Who merits financial aid? Massachusetts' Adams scholarship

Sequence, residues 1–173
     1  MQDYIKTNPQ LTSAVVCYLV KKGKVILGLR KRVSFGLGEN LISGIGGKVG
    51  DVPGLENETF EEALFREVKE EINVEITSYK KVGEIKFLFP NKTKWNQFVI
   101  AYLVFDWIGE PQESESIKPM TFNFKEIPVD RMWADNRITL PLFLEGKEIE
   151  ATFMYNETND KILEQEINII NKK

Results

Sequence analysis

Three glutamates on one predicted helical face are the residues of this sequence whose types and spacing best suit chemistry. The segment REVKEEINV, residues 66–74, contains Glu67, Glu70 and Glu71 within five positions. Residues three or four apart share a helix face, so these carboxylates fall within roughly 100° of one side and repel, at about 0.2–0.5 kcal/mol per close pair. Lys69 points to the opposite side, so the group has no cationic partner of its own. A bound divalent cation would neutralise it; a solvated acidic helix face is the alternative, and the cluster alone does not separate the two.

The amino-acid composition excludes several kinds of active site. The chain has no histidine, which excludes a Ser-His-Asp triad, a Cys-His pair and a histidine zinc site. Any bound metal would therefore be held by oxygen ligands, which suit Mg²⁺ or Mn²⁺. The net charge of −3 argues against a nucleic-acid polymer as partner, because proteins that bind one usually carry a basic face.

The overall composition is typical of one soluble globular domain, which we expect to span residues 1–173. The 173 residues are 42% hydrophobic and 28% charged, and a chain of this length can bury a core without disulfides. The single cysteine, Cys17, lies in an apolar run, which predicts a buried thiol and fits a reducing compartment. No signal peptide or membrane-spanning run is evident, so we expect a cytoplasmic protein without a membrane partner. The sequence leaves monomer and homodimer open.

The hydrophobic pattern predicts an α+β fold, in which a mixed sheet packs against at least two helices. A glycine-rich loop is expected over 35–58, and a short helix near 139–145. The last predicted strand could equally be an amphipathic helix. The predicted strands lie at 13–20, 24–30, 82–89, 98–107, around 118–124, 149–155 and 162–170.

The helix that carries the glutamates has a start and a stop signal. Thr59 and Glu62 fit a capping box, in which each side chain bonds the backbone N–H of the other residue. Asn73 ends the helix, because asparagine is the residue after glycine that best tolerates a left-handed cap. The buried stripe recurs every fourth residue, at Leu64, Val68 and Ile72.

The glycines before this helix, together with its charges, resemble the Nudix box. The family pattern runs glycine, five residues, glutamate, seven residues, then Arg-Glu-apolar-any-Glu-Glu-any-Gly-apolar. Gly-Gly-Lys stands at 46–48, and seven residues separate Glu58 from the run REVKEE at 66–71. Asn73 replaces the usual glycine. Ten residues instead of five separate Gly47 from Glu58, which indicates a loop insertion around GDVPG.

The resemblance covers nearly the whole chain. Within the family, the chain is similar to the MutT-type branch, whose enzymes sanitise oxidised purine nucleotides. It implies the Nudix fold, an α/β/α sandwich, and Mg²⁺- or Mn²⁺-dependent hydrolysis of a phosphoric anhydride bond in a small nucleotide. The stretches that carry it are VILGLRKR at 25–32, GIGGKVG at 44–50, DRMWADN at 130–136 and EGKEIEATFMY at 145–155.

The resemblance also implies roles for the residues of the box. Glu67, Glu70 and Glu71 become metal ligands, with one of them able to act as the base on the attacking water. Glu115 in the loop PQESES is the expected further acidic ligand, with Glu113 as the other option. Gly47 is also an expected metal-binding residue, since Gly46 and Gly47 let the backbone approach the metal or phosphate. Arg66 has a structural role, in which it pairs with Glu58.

The majority of states in the U.S. now fund merit-based financial aid programs, the effects of which depend on how strongly students react to changes in college costs. I estimate such reactions using quasi-experimental aspects of a recent Massachusetts merit scholarship program intended to attract talented students to the state's public colleges. This paper is the first to document heterogeneity in price sensitivity among students of varying academic abilities. My primary result is that, in spite of its small monetary value, the scholarship induced 6% of winners to choose four-year public colleges over four-year private colleges, the average of a large effect on the lowest ability winners and no effect on the highest ability winners. The bulk of funds nonetheless flowed to students who would have attended public colleges anyway, and the scholarship had no effect on the overall college attendance rate, which for winners was already above 90%. These findings have implications for the design of future government-sponsored financial aid programs.
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